The actor and broadcaster, who worked with Gray for more than 20 years, said securing the role had helped him cope with his passing.
Stott, who joins BBC Scotland’s soap on Monday, said he thinks of his close friend and regular stage partner every time he arrives on the set of the show, which Gray starred in for two years.
Stott feels he has Gray’s “blessing” to follow in his footsteps after realising he had been “flying the flag” for him behind the scenes.
Stott said he had also spoken to Gray’s daughter Clare about the “strange” prospect of working on River City. He was asked whether he would consider joining the show in March, less than two months after Gray had passed away, only to discover his name had been put forward to producer Martin McCardie.
Stott, who appeared in Fringe shows and pantomimes with Gray every year, said: "I remember when Andy first got the job on River City. He was really excited because he knew the journey he was going to go on. He knew it would give him an opportunity to stretch his acting chops and threw himself right into it."We often laughed and joked about River City. He knew that I’d love to be in it. Ultimately, as I’ve now found out, he did have conversations about me coming in. As Andy was all throughout his friendship with me, he was really flying the flag for me there.”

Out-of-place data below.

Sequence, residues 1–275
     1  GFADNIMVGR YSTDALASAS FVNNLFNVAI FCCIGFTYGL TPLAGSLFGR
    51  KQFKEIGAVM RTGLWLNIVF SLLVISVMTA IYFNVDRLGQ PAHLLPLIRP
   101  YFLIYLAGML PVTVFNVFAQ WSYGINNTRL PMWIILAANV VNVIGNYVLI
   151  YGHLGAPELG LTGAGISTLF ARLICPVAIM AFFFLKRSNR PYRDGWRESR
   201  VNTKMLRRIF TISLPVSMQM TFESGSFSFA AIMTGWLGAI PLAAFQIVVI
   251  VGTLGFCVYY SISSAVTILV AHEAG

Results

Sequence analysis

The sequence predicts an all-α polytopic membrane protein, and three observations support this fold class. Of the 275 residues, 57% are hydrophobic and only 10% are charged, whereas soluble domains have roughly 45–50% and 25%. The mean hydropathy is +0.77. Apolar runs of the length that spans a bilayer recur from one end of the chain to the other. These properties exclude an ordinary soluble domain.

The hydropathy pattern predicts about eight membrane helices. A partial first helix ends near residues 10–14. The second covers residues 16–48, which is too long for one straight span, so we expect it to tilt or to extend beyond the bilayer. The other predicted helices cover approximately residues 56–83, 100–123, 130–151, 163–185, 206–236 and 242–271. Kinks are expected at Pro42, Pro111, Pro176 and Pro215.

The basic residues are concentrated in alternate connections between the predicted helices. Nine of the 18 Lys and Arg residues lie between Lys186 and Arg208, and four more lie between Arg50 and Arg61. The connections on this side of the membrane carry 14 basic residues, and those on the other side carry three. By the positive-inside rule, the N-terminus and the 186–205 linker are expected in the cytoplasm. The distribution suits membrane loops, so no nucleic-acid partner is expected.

Stott initially thought he was being asked to appear in a storyline to tie up “loose ends” with Gray’s character Pete Galloway, but was instead offered a new role as musician Sam Spiller, the long-lost father of Iain Robertson’s character Stevie O’Hara and former teenager lover of Scarlett O’Hara, played by Sally Howitt.
Stott added: "The one person that I absolutely wanted to phone was Andy."He was my go-to on so many levels in life, personally and professionally. I'm sure he would have been absolutely stoked that it has come to be.
"I spoke to Andy's daughter Clare, because it was a strange thing. I was getting this job opportunity and it was bittersweet because her dad wasn't there. She just told me it was fantastic and her dad would have been absolutely delighted. That was the kind of reassurance that I needed.
"Although I'm not getting to work with him this is kind of the closest that I could be to him. It's still a lovely way to have him in my life. I get to think of him every time I go on set or just before I do a scene - Andy is the one that I glance up to.
“It's really helped me a lot over the last few months to have this opportunity on a show that was so important to Andy and that he was so loved on, not just by the audience, but the people working on it.
"I’m inheriting that love and goodwill. I'll never be able to express how grateful I am to the team and how welcome they've made me feel."